H.T. Barrie and the Irish Convention

Published in Issue 3 (May/June 2019), Letters, Volume 27

Sir,—In his otherwise extremely interesting article on H.T. Barrie MP (HI 27.2, March/April 2019), Aaron Callan states:

‘Barrie, however, went to the [1917 Irish] Convention to safeguard the Ulster Unionist position—namely that partition had already been agreed in the 1914 Act (albeit for a “temporary” six-year period)—and this was the outcome he would reaffirm’.

It is not totally clear from the context to which Act the author is referring—or, indeed, whether he is referring to the facts as they were or to Barrie’s (and his fellow Ulster Unionists’) perception of the facts of the situation in 1917—but if it is intended here to convey the impression that the 1914 Home Rule Act (and that is what one would normally presume to be meant by the reference to the ‘Act’ here) contained that provision it is inaccurate (at least technically). The compromise arrived at in August 1914 in the face of the outbreak of the Great War permitted Redmond the fig-leaf of not having to accept, openly, the concession of partition, which he had accepted in principle, in secret. The Home Rule Act was passed into law but its operation was suspended until an indefinite date ‘not later than the end of the present war’ in the Suspensory Bill passed in September 1914, whereas the final stages of the separate but related Amending Bill, which contained the draft provisions for the exclusion from its scope of the six north-eastern counties (i.e. partition), were deferred. As Ronan Fanning (Fatal path [2013]) succinctly put it:

‘This, then, was the compromise that put Ireland on ice for the duration of the Great War. Redmond agreed to the suspension of home rule; Asquith agreed to the suspension of partition.’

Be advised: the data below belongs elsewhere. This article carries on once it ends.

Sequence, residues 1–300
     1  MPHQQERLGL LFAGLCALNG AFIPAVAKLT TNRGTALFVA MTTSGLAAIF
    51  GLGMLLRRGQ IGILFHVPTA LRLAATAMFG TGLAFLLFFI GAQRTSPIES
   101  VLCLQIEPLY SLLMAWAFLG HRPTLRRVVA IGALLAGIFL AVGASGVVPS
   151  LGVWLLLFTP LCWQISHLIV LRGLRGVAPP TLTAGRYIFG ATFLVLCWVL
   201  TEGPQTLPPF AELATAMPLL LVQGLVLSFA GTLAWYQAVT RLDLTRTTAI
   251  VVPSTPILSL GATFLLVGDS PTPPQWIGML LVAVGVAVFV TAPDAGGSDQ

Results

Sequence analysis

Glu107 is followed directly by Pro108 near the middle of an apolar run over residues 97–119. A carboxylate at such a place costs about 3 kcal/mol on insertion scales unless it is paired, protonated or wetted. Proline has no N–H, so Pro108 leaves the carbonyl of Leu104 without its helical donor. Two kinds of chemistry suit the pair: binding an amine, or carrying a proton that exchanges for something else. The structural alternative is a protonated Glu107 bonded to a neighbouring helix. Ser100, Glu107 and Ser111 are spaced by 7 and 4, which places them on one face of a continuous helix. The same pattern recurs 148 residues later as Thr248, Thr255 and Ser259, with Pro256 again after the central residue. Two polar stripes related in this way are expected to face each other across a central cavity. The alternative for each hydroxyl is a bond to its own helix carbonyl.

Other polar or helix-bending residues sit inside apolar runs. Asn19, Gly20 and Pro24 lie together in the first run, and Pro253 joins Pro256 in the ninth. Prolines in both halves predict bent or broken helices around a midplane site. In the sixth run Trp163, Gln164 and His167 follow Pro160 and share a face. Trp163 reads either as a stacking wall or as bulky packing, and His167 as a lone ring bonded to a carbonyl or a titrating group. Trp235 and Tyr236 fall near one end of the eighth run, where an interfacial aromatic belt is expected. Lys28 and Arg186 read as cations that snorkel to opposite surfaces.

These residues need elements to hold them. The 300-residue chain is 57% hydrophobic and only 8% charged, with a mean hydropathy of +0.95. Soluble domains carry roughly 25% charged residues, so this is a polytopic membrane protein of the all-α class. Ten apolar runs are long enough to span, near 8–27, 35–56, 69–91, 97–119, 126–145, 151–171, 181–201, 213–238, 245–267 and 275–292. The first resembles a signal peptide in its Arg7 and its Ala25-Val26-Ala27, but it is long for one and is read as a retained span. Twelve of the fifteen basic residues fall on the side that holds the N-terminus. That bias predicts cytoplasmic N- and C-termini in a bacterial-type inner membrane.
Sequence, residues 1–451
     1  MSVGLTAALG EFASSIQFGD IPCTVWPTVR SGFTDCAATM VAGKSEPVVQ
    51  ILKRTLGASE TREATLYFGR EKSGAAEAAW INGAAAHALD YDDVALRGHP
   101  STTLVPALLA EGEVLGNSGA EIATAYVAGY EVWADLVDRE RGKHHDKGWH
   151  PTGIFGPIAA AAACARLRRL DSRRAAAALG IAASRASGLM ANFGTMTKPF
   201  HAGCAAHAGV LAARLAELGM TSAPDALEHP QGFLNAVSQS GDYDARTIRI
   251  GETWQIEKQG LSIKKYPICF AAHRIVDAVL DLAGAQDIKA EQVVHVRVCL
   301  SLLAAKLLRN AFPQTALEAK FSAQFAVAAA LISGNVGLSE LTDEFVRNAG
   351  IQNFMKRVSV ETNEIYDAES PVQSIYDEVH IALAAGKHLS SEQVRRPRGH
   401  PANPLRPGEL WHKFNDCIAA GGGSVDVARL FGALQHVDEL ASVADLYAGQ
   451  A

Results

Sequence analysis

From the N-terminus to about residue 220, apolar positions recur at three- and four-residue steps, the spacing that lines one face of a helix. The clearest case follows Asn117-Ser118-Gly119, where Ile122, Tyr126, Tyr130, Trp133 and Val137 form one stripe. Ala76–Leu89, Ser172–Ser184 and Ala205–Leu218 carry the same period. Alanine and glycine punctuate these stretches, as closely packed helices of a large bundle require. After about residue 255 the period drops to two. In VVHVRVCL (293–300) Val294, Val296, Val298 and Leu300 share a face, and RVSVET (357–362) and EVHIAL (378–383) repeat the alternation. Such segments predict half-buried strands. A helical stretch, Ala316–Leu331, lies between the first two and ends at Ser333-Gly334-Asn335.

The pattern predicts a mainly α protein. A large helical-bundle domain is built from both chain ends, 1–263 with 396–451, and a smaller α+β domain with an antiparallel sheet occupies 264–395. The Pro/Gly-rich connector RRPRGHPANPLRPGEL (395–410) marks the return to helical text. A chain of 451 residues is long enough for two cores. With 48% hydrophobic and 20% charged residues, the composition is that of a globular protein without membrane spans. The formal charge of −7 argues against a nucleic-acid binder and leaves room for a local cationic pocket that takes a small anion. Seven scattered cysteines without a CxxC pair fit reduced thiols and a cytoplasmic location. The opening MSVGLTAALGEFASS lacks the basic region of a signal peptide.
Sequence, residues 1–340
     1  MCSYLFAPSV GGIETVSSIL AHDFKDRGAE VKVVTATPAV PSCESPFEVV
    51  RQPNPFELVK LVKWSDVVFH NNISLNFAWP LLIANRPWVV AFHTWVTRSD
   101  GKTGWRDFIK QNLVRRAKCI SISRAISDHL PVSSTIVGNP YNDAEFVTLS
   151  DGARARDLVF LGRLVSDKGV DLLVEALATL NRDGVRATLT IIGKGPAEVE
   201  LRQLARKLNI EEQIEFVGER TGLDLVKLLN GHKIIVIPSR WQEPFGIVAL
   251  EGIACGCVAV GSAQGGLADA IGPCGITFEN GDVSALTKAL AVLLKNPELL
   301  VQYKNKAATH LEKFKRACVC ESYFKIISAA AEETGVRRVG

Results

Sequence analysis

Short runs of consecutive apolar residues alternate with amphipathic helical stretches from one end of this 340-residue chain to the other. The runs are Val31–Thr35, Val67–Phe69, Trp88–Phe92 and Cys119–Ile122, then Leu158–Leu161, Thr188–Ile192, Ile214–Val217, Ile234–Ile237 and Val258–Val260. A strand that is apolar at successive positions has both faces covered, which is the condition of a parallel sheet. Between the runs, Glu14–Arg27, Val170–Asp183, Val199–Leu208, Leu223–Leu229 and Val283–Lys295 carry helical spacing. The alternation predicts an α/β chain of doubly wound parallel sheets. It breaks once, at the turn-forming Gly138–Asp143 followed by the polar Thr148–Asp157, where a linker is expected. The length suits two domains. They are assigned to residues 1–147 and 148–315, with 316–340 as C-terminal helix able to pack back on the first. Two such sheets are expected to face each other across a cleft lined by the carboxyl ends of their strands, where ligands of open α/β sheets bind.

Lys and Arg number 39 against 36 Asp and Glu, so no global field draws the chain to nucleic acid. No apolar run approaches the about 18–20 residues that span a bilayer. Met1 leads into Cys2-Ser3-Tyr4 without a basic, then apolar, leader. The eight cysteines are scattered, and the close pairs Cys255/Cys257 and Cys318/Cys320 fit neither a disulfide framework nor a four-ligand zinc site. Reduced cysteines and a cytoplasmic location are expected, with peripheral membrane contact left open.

Redmond’s followers were largely unaware that the principle of partition had been effectively conceded; ‘he nourished the nationalist delusion that the partition of Ireland was avoidable’ (Fanning).

Of course, the Asquith government simultaneously satisfied Carson and the Unionists with firm assurances that Ulster would not be coerced, thus convincing them that, despite the suspension of the Amending Bill, partition was definitely acquis. But the issues of the duration of Ulster’s exclusion and the precise geographical area to be excluded remained unresolved. It was not, in fact, until the Government of Ireland Act 1920 that the legislative process begun and suspended in 1914 was resumed and put into effect (though implemented in Northern Ireland only through the establishment of its parliament). It took another two years before the ratification of the Anglo-Irish Treaty brought the rest of the country into line, while Northern Ireland opted out of the Irish Free State and another three before the border was finalised.

Thus, although the Ulster Unionists, Barrie included, may have believed (with some grounds for optimism) that it was all settled in the—suspended—Act of 1914, in fact it was not.—Yours etc.,



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